“She mentors, trains and develops her people, no matter who they are or what background they come from,” Turner said. Now a colonel and AETC’s staff judge advocate, she’s still impressed with Nolan’s dedication.
“She educates us,” Turner said. “She’ll find something that’s timely or relevant to the ongoing discussions and present it in a fun, educational way, helping us better understand our history and why things are the way they are.”
Nolan’s time in Japan included a position as president of the Federally Employed Women. She was able to work with the local Officers Wives Club to erect a historical marker on Kadena dedicated to the civilian women who served on Okinawa as early as 1952.
Over the next 20 years, Nolan found new challenges and opportunities to travel. She served in positions with the 313th Air Division and 18th Air Force, Kadena Air Base, Japan; Air Weather Service, Scott Air Force Base, Ill.; Air Force Weather Agency, Offutt Air Force Base, Neb.; 16th Air Force, Aviano Air Base, Italy; Air Armament Center, Eglin Air Force Base, Fla.; and Air Mobility Command, Scott AFB, Ill. She also earned a master’s degree in education.
Even positions in places that didn’t immediately sound enticing turned out to be wonderful experiences, Nolan said.
“Every place I’ve ever been, if it wasn’t the place I had decided I really wanted to go, it turned out to be just awesome anyway. Every place is what you make it,” she said.
That willingness to try new things and take on new challenges laid the foundation for Nolan’s steady ascent to the top of her career field.
Today, she records the history of the Air Force’s “First Command,” AETC. She said her job is all about preserving Air Force history and heritage to help leaders of tomorrow make sound decisions for the service.
“We write about what is happening today from a command perspective, and we have the documentation to back up the facts about decisions that are made,” Nolan said. “We pull together information written in the past when we’re making new acquisitions so leadership has that to help guide them in making decisions today.”
Documentation is crucial to preserving history, Turner said, and can mean the difference between history and historical opinion.
“She’s a scholar,” Turner said. “Citing the facts is really important as an academic, so that individuals can later go back to the source documents. Otherwise, you have people shaping history based on their own perceptions, instead of based on source documents. That precision is really, really important.”
In addition to recording the history, Nolan and her four-person staff are responsible for about 1,000 pieces of Air Force art, 150 display aircraft, several museums and all the AETC wing history programs.
Nolan said she’s had great opportunities as a historian and she’s learned a lot along the way. One of the most poignant moments of her career took place at Balad Air Base, Iraq, in 2007, as she traveled with civilian artists to capture the aeromedical evacuation mission for Air Mobility Command and the Air Force Art program. She spoke with a young Airman and told her how proud she was to see all of the good work the Airman and her team were doing there.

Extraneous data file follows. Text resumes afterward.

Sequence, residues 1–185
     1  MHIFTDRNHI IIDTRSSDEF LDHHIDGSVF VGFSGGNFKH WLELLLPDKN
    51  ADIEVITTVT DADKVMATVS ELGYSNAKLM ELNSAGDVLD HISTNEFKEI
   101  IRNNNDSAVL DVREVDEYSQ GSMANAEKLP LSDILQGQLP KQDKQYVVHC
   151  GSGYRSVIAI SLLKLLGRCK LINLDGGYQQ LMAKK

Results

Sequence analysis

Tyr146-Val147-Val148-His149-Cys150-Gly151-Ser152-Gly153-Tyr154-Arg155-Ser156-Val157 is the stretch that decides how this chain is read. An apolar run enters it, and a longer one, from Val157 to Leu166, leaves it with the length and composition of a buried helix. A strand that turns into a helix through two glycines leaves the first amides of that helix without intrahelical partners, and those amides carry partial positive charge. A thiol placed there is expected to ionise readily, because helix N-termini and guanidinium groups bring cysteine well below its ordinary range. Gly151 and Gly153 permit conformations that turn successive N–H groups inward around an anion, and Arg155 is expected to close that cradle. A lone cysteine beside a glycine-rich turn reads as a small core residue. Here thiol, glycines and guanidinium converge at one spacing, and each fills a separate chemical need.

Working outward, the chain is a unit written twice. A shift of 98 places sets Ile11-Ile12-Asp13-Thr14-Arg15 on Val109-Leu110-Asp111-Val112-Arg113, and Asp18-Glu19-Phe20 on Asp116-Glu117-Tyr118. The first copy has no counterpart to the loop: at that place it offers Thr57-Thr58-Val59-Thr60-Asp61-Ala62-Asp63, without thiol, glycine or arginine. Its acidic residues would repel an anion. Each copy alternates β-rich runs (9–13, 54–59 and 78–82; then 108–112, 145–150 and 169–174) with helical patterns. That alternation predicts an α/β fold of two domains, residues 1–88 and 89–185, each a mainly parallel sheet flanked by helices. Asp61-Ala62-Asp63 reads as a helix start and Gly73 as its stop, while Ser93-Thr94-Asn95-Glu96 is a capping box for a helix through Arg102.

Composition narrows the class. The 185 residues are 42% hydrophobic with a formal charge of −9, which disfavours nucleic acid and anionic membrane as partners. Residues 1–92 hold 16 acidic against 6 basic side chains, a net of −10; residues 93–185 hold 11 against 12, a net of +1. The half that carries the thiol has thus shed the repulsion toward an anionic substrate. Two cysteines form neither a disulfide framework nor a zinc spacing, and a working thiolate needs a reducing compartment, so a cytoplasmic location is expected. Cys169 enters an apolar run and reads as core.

“(The Airman’s) smile just enveloped her whole face because you could see she was proud of the job she was doing,” Nolan said. “It choked me up because everybody I met was ‘just doing their job.’ It was a very humbling experience.”
Times have changed since 1968, for the Air Force and for Nolan. Air Force instructions no longer require women to wear girdles or lipstick or perfume. Women currently serve honorably as mothers and as Airmen. As recently as eight years ago, Nolan was the first woman to serve as a command historian. And today the U.S. Senate is contemplating the nomination of the Air Force’s first female four-star general.
But things haven’t changed entirely Nolan said, and she’s grateful for that.
“Airmen still want to do a good job today, just like they did back when I was on active duty,” she said. “They care about people and they’re here to get a job done. They might not have signed up to fight and die for their country, but they all know that’s a possibility and they’re willing to go anyway.”
As the Senate considers confirming Lt. Gen. Janet Wolfenbarger’s nomination for promotion, Turner said it’s important to remember the women like Nolan, who served on active duty even for a short time, because they opened up opportunities for women in service today.
“The most important aspect of General Wolfenbarger’s nomination is that she is preeminently qualified for the position,” Turner said. “She is the best person for the job regardless of her gender. Given that, I think it also reinforces the meritocracy of the institution, that if you are extraordinarily good at what you do, you will be recognized and put forward for that.
“Folks like (Nolan) have paved the way for us. They helped the institution progress.”
Nolan credits her success to the opportunities provided through service.
“I was 18 with no prospects and mediocre to average grades,” Nolan said. ”For me, [being accepted to the Air Force] was the catalyst that changed my entire life. I love the Air Force. Every moment is not golden for anybody, but it has given me so many opportunities I never would have had.”